The top seed beats Maria Jose Martinez Sanchez 6-1, 6-3 in the third-round of the BNP Paribas Open at Indian Wells.
Caroline Wozniacki breezes into fourth-round at Indian Wells
INDIAN WELLS, CALIFORNIA // Caroline Wozniacki, the top seed, finally found a way to beat Maria Jose Martinez Sanchez with a ruthless 6-1, 6-3 demolition in the third-round of the BNP Paribas Open at Indian Wells.
Wozniacki, who had lost to the left-handed doubles specialist in their three previous meetings, broke her Spanish opponent twice in the second set to seal victory in 72 minutes.
Under a cloudless blue sky, the Danish world No 1 dominated most of the exchanges from the baseline and needed just one match point to advance to the next round after a Martinez Sanchez forehand sailed long.
"I'm happy to be through," a beaming Wozniacki said after ending the 28th-ranked Spaniard's run. "She's a tough player, so I knew that this was not going to be an easy one.
"You don't get any rhythm against her. It was important to move my feet, try to get as many returns back, and it helped me a little bit that she didn't get too many first serves in so I could dictate the game."
Wozniacki, starting her 22nd week as world No 1 after losing it for one week to Kim Clijsters, broke Martinez Sanchez's serve twice to breeze through the opening set in 27 minutes in bright morning sunshine at the Indian Wells Tennis Garden.
The Dane maintained control with further breaks in the fifth and ninth games of the second to stay on track for her second WTA title this year, following her success at last month's Dubai Duty Free Tennis Championships.
"As long as I kept her on the baseline, then I felt like I was in control of the point," said Wozniacki, who lost to Jelena Jankovic in last year's final.
In other matches, the former champion Maria Sharapova of Russia, the 16th seed, overpowered the No 20 seed Frenchwoman Aravane Rezai 6-2, 6-2 and eighth seed Victoria Azarenka of Belarus beat Poland's Urszula Radwanska 7-6, 6-3.
Sharapova, who needed almost three hours on court to win her first match here against Spaniard Anabel Medina Garrigues, recovered from losing her opening service game to seal victory in 73 minutes.
"It started slow," said the 23-year-old Russian. "I started like I didn't have my cup of coffee or something ... so that was disappointing. But I got it together.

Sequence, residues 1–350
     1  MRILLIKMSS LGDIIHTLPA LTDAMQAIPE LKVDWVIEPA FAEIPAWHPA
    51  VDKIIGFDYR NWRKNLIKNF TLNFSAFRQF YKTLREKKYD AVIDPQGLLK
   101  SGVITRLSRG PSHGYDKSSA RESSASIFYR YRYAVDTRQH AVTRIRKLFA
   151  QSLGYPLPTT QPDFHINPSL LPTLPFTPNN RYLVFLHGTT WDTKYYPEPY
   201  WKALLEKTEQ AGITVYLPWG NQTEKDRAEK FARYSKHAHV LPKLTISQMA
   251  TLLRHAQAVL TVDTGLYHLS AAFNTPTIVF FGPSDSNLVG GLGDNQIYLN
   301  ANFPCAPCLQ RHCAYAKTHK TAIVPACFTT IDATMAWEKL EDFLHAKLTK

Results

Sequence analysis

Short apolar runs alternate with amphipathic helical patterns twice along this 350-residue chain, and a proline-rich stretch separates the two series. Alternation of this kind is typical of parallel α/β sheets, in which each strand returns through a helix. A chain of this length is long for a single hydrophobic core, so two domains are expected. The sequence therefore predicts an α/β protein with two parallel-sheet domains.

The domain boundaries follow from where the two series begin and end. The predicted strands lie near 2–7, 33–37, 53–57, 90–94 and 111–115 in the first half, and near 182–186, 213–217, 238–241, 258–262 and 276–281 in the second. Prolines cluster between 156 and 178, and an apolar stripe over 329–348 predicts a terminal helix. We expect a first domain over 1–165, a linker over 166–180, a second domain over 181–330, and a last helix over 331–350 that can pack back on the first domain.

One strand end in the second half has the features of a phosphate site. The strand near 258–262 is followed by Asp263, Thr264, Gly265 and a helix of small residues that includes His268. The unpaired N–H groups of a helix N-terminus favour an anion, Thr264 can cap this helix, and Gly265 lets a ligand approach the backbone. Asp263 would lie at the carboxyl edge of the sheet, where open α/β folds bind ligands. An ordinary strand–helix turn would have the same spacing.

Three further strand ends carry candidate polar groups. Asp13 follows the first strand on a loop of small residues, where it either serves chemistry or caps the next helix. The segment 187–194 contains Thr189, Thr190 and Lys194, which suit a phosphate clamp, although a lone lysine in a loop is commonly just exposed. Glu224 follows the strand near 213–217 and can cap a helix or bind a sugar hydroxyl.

"When she's on, she can be one of the toughest players to play against. She had a lot of errors today. I had good return games, I returned a lot better, and served a lot better in the second set."
Sharapova will now meet a jubilant Dinara Safina who added another chapter to her on-court renaissance by upsetting fourth-seeded Samantha Stosur 7-6, 6-4.
The former world No 1 swept through the first set tiebreaker 7-2 and charged 4-2 up in the second before holding off a late fightback by the Australian.
"I am so excited and so happy," the Russian said courtside after thrusting both arms skywards in a mixture of relief and celebration. "The emotions are pouring out."
On the men's side of the draw, Rafael Nadal made light work of the American qualifier Ryan Sweeting 6-3, 6-1 in the third-round match.
Nadal improved to a win/loss record of 28-4 in his career at Indian Wells, where he has won twice. The world No 1 has lost six games in his first two matches while showing no lingering effects from his recent left thigh injury.
"I didn't play nothing really impressive, but I played solid. I didn't have big mistakes," he said. "The more positive thing is I finished much better than the beginning of the match. So improve during the match always very good news, no?"
There were also two upsets in the men's competition; Robin Söderling, the No 4 seed from Sweden, and the No 11 seed Nicolas Almagro of Spain both lost.
Söderling fell to No 32 seed Philipp Kohlschreiber of Germany, 7-6, 6-4 after holding five set points in the tiebreaker, while the No 23 seed Albert Montanes took out his compatriot Almagro 4-6, 6-2, 6-4.
Söderling was bothered by a left foot injury that first occurred during Sweden's victory over Russia in Davis Cup play nearly 10 days ago.
"I lost the match when I decided to go on court," he said. "I shouldn't have done that. It's pretty stupid to play."
Söderling, who was in bed for five days with a fever before the tournament began, had yet to have his foot examined by a doctor. He is scheduled to play at Key Biscayne next week.
"Hopefully, they won't find anything bad," he said. "The more I play on the foot, the worse it gets."
American qualifier Donald Young's run ended with a 6-0, 6-4 loss to the No 25 seed Tommy Robredo of Spain. Young upset fifth-ranked Andy Murray two days ago.
Juan Martin del Potro of Argentina, the 2009 US Open champion, defeated the No 20 seed Alexandr Dolgopolov of Ukraine 7-6, 6-3.
Qualifier Somdev Devvarman of India outlasted Xavier Malisse 6-1, 3-6, 7-6.
Nadal delayed the start of his post-match interview to watch the tiebreaker since he will play Devvarman in the fourth-round.